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Is this correct? As in “in response to some of the most problematic issues of nowadays business”?
To me it sounds strange, although it seems to have a couple hundred entries in Google. I’d opt for “today’s business”.
Also, note that Google's search engine finds instances with extra punctuation, even if you use quoted strings. So many of those "nowadays business" hits are actually examples of "Nowadays, business..."
September 17, 2007, 6:22am
The only problem is the adverb placement. Try:
"... in response to some of the most problematic issues of business nowadays . . " (Same position where "these days" or "today" would go.)
Or it could go first. "Nowadays, kids can hardly read at all!"
August 29, 2007, 1:51pm
"Nowadays" may be used as an adverb or a noun, so "business of nowadays" would work, assuming that you mean to describe modern business in general, as described by the post above.
August 10, 2007, 11:12am
I have to think about it some more, but in your case, nowadays may just be the wrong word. Nowadays, doesn't just mean "today". It's more general and abstract, meaning "in current times" or "in this day and age", as in, "nowadays we drive in cars. In olden days we rode horses or walked". Is it really your intent to describe problems of business in modern times, or are you simply describing your business's current problems? If the latter, then nowadays is incorrect. Another example: I would never say: "In olden times I went to Blockbuster" if I really meant "Yesterday..." or even "A while ago I went to Blockbuster". It would be inappropriate (but not ungrammatical).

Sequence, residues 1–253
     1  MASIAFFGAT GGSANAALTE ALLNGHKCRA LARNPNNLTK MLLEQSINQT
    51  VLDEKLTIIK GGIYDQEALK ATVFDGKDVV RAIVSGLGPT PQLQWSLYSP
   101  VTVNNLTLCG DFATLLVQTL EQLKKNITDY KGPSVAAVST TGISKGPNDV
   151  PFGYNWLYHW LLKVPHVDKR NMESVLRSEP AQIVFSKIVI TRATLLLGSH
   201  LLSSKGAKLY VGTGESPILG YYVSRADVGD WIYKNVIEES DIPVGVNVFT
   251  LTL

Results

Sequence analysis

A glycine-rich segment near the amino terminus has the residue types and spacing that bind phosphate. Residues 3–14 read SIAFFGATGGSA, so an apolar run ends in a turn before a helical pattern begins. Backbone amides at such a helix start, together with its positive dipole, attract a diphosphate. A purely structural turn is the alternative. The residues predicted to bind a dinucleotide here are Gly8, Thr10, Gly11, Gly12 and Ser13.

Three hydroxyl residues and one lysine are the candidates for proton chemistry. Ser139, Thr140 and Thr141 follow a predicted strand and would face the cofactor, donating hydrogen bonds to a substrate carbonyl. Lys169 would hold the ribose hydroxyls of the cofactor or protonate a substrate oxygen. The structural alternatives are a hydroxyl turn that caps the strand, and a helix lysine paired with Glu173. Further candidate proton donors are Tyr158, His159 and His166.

July 31, 2007, 3:41pm
For one thing, in order to be grammatical, it has to be nowadays' with an apostrophe. It's a possesive noun. I think it's still an incorrect (or at least awkward) use of the word, but not ungrammatical, per se. This might be one of those cases where it's technically correct but non-idiomatic, the kind of thing a non-native speaker might say. Here's an example. I might say "I drove my car to the store", but I would never say "I steered my car to the store" or "I piloted my car to the store" or "I directed my car to the store". None of these are grammatically or contextually incorrect, but they're simply not said. Not sure where, but I think there's another post on this site somewhere discussing this very issue.
July 31, 2007, 3:35pm
Yes, "nowadays business" would be both clumsy sounding and ungrammatical. "Business nowadays" would be fine grammatically, if a bit informal. "Today's business" or "contemporary business" would be better in a formal context.
July 31, 2007, 11:20am
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